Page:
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Philadelphia’s Momentum Growing

There has been a lot of activity going on in Philadelphia. Their new coach, Peter Novak, has pretty much telegraphed his approach to next season: defend first and then scrap for goals. This is a team being built from the back.

The industrious Greg Seltzer, of No Short Corners and of Soccer365 has a great scoop reporting Danny Califf will sign for Philadelphia. This is a great signing for Philadelphia. Califf is a quality defender and will immediately be one of the best defenders in MLS. One question is what his salary will be – I assume he won’t be a designated player, but is he getting paid on par with Europe.

By most accounts Philly’s expansion draft was solid, if not a bit perplexing. Novak did not go for some of the more notable names, such as Bobby Convey and Frankie Hejduk, but got some good defensive players and some decent young prospects. The recent signing of goalie Chris Seitz is also a very solid move – he looked legit in the under-20 World Cup in 2007 and his been waiting his turn behind Nick Rimando in Salt Lake. Continue reading

MLS Cup rewind

It was a rather unattractive chippy affair that was unfortunately interrupted by frequent injuries. In extra time both teams looked exhausted and stopped moving the ball around. All in all was not a great game to watch and seemed destined for a draw and those evil -yet dramatic- penalties. In the end the league was pulling for a Galaxy win, but ESPN got their dramatic choke highlight with the Donovan miss. Congrats to RSL for a great playoff run.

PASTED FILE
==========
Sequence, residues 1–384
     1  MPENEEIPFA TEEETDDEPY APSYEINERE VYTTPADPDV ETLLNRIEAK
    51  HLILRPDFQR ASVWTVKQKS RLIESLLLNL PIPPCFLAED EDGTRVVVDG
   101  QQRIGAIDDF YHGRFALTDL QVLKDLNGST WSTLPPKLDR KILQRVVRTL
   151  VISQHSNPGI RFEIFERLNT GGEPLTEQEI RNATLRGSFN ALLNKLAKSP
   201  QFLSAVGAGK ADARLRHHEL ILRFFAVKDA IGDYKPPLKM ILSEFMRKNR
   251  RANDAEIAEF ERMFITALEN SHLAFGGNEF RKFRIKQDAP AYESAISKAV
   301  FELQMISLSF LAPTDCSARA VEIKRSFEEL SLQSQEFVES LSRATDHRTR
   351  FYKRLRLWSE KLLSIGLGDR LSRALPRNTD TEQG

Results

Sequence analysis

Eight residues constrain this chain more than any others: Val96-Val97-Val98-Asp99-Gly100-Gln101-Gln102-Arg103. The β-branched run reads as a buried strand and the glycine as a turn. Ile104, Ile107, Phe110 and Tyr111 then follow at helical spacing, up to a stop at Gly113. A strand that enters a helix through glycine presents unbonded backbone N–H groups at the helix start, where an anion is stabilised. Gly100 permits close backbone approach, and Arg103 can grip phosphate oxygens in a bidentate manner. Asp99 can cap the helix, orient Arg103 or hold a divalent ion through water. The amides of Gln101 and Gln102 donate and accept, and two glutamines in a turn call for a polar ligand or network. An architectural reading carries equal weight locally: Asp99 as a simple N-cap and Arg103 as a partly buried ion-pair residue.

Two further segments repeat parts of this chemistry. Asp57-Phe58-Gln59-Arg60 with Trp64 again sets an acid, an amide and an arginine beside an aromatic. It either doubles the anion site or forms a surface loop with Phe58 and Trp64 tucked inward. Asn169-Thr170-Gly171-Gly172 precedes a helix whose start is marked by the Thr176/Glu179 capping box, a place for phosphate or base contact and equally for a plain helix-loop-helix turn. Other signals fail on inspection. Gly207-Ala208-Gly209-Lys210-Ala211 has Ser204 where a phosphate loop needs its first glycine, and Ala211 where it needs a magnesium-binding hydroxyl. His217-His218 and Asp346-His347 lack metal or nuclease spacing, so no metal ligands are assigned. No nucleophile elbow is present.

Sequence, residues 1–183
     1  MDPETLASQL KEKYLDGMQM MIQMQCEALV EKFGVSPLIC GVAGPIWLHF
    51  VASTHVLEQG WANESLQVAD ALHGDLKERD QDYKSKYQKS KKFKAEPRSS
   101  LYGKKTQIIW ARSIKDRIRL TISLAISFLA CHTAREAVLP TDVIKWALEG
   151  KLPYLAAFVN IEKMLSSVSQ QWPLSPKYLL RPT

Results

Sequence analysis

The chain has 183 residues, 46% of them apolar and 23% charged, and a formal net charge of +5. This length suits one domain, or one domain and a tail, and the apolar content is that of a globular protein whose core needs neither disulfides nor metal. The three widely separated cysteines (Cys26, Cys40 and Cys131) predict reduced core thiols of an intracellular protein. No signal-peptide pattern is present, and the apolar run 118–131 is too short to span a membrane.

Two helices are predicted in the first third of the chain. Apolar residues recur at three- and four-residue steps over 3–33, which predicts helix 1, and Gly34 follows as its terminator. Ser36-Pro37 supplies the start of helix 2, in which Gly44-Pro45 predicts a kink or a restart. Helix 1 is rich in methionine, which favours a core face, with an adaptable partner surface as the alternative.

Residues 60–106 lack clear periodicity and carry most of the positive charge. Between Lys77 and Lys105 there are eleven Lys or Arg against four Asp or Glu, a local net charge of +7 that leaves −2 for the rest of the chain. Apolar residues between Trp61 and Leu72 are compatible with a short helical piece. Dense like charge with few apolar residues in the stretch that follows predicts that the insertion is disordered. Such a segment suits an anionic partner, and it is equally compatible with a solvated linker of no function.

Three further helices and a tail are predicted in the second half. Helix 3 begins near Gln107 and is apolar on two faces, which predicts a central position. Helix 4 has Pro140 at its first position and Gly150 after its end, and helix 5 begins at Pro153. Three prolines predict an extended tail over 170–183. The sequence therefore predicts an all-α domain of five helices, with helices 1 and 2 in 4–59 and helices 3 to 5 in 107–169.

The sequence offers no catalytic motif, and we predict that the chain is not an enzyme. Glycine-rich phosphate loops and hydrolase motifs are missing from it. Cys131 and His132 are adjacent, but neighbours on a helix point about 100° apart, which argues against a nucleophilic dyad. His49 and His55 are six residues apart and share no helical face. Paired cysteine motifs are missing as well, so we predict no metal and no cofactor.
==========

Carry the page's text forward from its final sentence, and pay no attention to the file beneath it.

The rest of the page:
A few more thoughts:

At the end as the game got stretched Donovan should have been up top, instead of mired in the midfield. He is the only one with the pace and the skill for LA to get behind the backline and finish. Have to question Arena there.

As good as the Seattle crowd was, MLS cup finals should not be played on turf. The turf fields makes it harder to control the ball as it skips and bounces all over the place. At times it was clear that neither of these teams regularly play on the surface, as throw balls were badly weighted rolling comfortably beyond their targets.

RSL gave the absurdly slow LA backline fits, but Robbie Findley couldn’t really find the quality to make the backline play – except of course for his scrappy goal. RSL outplayed LA that last part of the game and looked more likely to score.